New Seaport Village Plans

3/13/18 – San Diego UT: Port of San Diego officials mostly approve of new Seaport Village plans
By Phillip Molnar, Contract Reporter

The government agency that oversees the redevelopment of Seaport Village in downtown San Diego mostly voiced approval Tuesday of changes made after an earthquake fault line was discovered on the site.

Unified Port of San Diego officials won’t vote on changes until September, but this was the first chance for them to give their opinion on plans from Protea Waterfront Development after major alterations.

Commissioners said that they expected whatever firm won the contract in 2016 to have changes after given more time to study the site.

“I’m still in the camp that this is a very worthy, very beautiful project,” said commissioner Dan Malcolm, “and it is a world-class project. I felt that way when I approved it. I feel that way today.”

The big changes were moving the site of a hotel, turning the fault line into a long pedestrian mall surrounded by trees and moving an aquarium next to a 480-foot observation tower.
Concern from the Manchester Grand Hyatt San Diego, a port tenant, that their view would be blocked by the new designs may be the biggest stumbling block for developers.

Matthew Adams, area vice president at the Grand Hyatt, submitted a letter to the board saying the new design would block views of the San Diego Bay from the hotel, create traffic problems and hurt its business.

“The density of the project is extreme and disproportionate to the amount of land adjacent to the hotel,” he wrote.

The Hyatt is the third-biggest moneymaker for the port, bringing in $11.4 million in fiscal year 2015. Commissioners said they were concerned about pitting one tenant against another.

“Anyway we can accommodate our existing tenant, that would be an ideal situation,” said Commissioner Robert Valderrama.

Yehudi “Gaf” Gaffen, CEO of Protea, said they had a meeting planned with the Hyatt later this week.

Commissioner Michael Zucchet said he was excited about the design, particularly the role of Scripps Institution of Oceanography in working with developers on an aquarium and learning center on the site, but hoped Protea could come to some sort of understanding with Hyatt.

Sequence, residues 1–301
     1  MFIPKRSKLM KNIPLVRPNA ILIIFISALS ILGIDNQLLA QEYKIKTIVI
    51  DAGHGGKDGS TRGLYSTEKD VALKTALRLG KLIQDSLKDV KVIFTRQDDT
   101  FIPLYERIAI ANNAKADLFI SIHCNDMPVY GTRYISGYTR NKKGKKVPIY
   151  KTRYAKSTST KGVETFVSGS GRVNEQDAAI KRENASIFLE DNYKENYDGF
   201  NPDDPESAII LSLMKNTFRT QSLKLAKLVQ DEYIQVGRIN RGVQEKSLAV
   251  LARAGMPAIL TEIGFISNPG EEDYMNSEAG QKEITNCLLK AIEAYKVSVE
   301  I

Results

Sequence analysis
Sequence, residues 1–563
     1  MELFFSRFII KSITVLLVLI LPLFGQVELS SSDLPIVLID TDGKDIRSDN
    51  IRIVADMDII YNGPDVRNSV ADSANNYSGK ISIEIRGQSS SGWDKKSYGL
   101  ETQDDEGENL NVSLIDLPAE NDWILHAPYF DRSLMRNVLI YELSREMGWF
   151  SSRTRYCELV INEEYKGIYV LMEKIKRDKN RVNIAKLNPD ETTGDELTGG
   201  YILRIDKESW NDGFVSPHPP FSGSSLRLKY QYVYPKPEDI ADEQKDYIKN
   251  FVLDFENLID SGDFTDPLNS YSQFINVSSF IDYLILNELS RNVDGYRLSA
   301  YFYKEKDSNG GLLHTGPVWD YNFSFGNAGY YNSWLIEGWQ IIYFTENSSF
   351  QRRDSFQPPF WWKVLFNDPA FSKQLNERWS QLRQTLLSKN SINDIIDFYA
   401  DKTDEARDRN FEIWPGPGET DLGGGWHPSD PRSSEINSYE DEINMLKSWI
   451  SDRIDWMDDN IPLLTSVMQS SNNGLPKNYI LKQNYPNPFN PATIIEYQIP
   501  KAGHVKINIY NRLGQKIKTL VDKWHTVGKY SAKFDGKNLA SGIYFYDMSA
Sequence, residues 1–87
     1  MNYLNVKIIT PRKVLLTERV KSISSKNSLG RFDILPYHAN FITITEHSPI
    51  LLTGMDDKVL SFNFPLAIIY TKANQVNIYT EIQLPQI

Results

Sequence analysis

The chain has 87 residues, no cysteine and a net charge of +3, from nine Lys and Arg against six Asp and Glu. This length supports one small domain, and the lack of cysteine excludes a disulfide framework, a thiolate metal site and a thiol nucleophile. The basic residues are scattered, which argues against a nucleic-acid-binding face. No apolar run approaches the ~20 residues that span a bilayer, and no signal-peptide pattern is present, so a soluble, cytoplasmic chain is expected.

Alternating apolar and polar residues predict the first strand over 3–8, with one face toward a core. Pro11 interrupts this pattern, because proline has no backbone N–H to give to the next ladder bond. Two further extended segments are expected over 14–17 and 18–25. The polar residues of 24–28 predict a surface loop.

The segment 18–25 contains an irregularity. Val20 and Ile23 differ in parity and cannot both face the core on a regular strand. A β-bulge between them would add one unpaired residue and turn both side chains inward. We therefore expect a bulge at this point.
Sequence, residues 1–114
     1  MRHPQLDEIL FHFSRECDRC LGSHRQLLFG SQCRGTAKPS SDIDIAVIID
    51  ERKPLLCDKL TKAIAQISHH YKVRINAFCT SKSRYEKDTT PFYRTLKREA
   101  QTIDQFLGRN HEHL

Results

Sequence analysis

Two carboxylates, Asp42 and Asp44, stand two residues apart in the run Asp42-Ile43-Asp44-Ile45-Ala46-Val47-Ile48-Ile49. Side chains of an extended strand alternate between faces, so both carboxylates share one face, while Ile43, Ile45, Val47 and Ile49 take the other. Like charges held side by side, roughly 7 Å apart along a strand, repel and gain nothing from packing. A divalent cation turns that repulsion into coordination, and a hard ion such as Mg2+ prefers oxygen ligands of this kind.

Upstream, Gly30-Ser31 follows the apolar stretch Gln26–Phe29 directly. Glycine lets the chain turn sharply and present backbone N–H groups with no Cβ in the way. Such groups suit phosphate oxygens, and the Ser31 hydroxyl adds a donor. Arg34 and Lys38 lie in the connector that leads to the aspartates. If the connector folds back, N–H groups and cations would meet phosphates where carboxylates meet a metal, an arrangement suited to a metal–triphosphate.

“I agree with what has been said about the importance of Hyatt as a tenant,” Zucchet said, praising Protea’s efforts to meet with them. “With that said I think the Hyatt doesn’t expect that this is going to be the future. Nor is the Hyatt, or anybody downtown, entitled to their views forever.”

Commissioners also said a plan from Protea to build eight villas on the site, presumably for very affluent visitors, would probably invite scrutiny from the California Coastal Commission.

Public comments on the new design were mixed with most business organizations supporting the design and individuals leaning negative.

Business consultant Wayne Raffesberger said the project was jammed up with too many things and encouraged the commissioners to go back to the drawing board.

“I can safely say this is one of the worst projects I have ever seen,” he said. “Why do we need a tower element that looks like a mushroom on steroids?”

Daniel Reeves, a senior vice president for Downtown San Diego Partnership, said his organization supported the new designs.

“The changes presented today are not only beautiful, but also artfully address site constraints,” he said, “while continuing to raise the bar for the type of world-class projects our city deserves and should expect.”

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